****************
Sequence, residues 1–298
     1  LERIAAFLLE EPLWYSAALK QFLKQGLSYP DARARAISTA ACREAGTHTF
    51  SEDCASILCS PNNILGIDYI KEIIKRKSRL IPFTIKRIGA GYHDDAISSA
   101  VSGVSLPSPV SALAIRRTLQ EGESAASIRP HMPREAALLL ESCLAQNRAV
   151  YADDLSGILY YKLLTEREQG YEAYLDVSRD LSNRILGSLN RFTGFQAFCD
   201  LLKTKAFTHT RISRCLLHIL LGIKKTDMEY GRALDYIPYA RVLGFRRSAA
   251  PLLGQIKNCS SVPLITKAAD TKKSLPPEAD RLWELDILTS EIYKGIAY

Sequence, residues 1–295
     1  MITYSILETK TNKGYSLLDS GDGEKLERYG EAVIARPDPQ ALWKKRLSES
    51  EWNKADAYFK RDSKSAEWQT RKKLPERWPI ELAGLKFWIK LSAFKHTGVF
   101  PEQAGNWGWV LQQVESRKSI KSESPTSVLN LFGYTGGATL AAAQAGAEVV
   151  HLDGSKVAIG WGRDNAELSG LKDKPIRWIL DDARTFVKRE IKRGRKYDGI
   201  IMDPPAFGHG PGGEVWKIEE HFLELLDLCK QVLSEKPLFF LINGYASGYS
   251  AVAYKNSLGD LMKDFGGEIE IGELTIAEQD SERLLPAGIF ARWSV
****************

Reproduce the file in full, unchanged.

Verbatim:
Sequence, residues 1–298
     1  LERIAAFLLE EPLWYSAALK QFLKQGLSYP DARARAISTA ACREAGTHTF
    51  SEDCASILCS PNNILGIDYI KEIIKRKSRL IPFTIKRIGA GYHDDAISSA
   101  VSGVSLPSPV SALAIRRTLQ EGESAASIRP HMPREAALLL ESCLAQNRAV
   151  YADDLSGILY YKLLTEREQG YEAYLDVSRD LSNRILGSLN RFTGFQAFCD
   201  LLKTKAFTHT RISRCLLHIL LGIKKTDMEY GRALDYIPYA RVLGFRRSAA
   251  PLLGQIKNCS SVPLITKAAD TKKSLPPEAD RLWELDILTS EIYKGIAY

Sequence, residues 1–295
     1  MITYSILETK TNKGYSLLDS GDGEKLERYG EAVIARPDPQ ALWKKRLSES
    51  EWNKADAYFK RDSKSAEWQT RKKLPERWPI ELAGLKFWIK LSAFKHTGVF
   101  PEQAGNWGWV LQQVESRKSI KSESPTSVLN LFGYTGGATL AAAQAGAEVV
   151  HLDGSKVAIG WGRDNAELSG LKDKPIRWIL DDARTFVKRE IKRGRKYDGI
   201  IMDPPAFGHG PGGEVWKIEE HFLELLDLCK QVLSEKPLFF LINGYASGYS
   251  AVAYKNSLGD LMKDFGGEIE IGELTIAEQD SERLLPAGIF ARWSV